When it comes to prescription drugs, it really does pay to shop around.
A study of prices for drugs commonly taken by diabetes patients showed that mail-order retailers and big-box discounters can save consumers thousands of dollars a year compared to the local pharmacy.
Overall, Medco by Mail and Wal-Mart were the least expensive, while neighborhood and chain pharmacies generally charged the most, according to Dr. Clifton Jackness and Dr. Ronald Tamler, both of the Mount Sinai School of Medicine in New York City.
"Being an informed consumer is clearly beneficial," they told colleagues at the American Diabetes Association meeting.
The total monthly out-of-pocket price for all 10 drugs most commonly prescribed to diabetes patients for any indication ranged from a low of $428.35 with Medco to a high of $641.90 with Rite Aid.
The researchers said lower prices may encourage patients to stick with their medications and stay healthier, since nearly one in five adults with diabetes reports cutting back on their prescriptions because of cost.
However, there is often a tradeoff for lower prices, said Dr. Paul Robertson, ADA's president of medicine and science.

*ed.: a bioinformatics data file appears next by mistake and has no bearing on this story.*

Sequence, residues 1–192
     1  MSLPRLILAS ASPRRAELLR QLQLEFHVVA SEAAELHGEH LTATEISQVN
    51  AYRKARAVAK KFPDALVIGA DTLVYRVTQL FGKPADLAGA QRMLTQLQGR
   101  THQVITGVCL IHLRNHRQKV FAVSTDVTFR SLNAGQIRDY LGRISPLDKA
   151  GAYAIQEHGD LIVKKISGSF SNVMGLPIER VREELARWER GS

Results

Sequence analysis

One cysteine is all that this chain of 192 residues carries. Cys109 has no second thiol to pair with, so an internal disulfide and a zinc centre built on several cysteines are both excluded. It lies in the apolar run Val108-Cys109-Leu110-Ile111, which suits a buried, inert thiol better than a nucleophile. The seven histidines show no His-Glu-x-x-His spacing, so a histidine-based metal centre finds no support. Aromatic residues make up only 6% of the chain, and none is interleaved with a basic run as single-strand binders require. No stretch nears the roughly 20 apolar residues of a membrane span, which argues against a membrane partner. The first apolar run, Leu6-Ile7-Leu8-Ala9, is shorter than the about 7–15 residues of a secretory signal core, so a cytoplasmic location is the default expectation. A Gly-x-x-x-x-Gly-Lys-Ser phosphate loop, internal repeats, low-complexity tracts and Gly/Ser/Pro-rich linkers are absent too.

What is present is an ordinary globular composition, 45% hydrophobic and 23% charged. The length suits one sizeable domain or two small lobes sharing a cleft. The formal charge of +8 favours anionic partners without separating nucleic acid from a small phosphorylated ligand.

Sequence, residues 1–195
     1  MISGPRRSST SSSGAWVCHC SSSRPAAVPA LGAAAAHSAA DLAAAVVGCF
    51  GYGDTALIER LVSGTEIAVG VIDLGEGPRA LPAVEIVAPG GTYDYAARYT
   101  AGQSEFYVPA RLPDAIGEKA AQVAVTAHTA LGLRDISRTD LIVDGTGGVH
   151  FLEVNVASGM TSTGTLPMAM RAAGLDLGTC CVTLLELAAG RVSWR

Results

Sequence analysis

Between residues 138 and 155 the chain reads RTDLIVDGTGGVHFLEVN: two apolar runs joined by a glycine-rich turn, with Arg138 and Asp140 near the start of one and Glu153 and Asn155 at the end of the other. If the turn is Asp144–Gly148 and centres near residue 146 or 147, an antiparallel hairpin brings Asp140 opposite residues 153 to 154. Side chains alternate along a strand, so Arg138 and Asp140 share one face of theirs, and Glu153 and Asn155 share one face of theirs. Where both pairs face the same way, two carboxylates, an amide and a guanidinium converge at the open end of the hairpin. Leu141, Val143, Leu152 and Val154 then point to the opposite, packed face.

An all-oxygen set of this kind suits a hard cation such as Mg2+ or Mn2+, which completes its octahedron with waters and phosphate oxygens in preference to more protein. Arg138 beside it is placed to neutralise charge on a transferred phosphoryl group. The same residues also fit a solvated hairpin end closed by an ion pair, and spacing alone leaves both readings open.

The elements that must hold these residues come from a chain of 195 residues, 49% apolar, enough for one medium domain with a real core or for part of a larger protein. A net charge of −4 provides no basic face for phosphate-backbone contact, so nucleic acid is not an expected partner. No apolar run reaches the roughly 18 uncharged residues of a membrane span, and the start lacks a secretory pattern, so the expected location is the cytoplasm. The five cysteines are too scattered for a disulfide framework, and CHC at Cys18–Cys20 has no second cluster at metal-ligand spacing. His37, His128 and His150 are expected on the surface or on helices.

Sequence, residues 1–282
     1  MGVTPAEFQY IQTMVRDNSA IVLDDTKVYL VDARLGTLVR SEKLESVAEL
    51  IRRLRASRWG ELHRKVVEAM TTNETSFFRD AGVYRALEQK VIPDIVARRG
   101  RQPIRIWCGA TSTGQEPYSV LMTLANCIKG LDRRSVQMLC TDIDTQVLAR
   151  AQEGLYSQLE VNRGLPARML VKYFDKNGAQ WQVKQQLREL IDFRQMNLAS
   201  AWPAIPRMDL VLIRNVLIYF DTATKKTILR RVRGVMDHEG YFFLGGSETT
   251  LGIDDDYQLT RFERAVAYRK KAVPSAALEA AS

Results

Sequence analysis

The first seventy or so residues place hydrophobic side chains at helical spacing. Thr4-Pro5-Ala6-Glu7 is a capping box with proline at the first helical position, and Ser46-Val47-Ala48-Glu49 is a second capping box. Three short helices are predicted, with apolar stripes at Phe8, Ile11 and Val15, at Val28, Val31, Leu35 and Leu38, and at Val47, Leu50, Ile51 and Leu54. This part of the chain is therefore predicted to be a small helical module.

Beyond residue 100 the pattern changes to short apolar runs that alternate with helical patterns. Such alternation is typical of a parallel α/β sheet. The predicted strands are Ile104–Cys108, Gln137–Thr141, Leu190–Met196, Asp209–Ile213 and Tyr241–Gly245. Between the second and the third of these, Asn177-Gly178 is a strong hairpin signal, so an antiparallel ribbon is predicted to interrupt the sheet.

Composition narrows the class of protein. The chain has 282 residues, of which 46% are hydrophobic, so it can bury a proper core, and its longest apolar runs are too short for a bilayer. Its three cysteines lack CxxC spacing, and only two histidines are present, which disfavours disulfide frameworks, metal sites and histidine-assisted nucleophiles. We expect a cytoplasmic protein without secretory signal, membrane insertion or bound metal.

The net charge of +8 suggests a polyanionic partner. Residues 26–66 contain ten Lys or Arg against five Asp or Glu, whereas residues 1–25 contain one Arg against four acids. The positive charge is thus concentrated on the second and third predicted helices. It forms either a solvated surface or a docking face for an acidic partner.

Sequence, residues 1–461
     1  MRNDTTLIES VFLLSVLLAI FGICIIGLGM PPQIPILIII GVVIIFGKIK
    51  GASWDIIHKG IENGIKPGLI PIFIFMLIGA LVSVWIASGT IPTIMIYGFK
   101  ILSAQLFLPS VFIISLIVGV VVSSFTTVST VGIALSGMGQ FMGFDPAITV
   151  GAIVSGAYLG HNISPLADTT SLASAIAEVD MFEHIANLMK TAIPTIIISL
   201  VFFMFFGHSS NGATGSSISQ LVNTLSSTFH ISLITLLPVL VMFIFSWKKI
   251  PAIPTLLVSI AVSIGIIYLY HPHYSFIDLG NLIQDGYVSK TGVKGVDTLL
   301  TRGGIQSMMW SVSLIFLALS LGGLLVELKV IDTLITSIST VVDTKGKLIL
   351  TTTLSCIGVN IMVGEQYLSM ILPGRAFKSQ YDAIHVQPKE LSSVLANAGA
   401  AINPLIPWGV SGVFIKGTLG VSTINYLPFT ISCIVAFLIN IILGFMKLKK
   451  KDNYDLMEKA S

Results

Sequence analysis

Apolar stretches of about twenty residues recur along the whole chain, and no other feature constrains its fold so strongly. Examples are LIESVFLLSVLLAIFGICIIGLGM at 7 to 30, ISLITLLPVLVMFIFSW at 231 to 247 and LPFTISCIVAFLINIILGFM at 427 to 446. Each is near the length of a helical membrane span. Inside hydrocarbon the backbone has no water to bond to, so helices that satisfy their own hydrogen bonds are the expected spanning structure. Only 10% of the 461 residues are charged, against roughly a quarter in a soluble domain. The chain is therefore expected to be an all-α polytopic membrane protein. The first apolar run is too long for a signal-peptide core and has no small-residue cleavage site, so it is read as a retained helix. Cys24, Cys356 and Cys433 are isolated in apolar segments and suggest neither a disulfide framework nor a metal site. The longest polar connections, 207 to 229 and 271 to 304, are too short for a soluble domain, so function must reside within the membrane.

"Pharmacies, especially local ones, offer more than drugs," he said. "They offer service and the opportunity to talk to a pharmacist."
Giving that up in exchange for a lower bill might be worthwhile for some patients who are on a stable regimen and familiar with their medications, whereas for others it might not, Robertson noted.
The stakes in shopping around are collectively enormous. According to the American Diabetes Association, there are 23.6 million diabetics in the United States, or 8 percent of the population. And their number is growing as the nation ages and unhealthy lifestyles lead to an increase in diabetes diagnoses.
To calculate the impact of shopping around, the researchers tabulated the most common prescriptions filled by diabetes patients under age 65 -- a population expected to have at least some out-of-pocket cost associated with their medications -- from a database compiled by 91 health insurance plans across the United States.
After excluding non-chronic medications such as antibiotics, the top medications in order of number of prescriptions were:
Lisinopril (Prinivil, Zestril)
Rosiglitazone (Avandia), excluded from the analysis because of declining use since the time covered by the database
Furosemide (Lasix, Furocot)
Insulin glargine (Lantus)
Interestingly, the list contained several drugs that were not strictly diabetes-related, including statins that fight cholesterol and medications to lower blood pressure.
Jackness noted that diabetes patients take an average of 8.9 medications, and believes the typical patient would be on the majority of drugs on the list, he said.
The cost of a 30-day supply of each -- assuming no prescription drug coverage by public or private insurance -- was determined from price data collected by the New York and New Jersey State Attorneys General.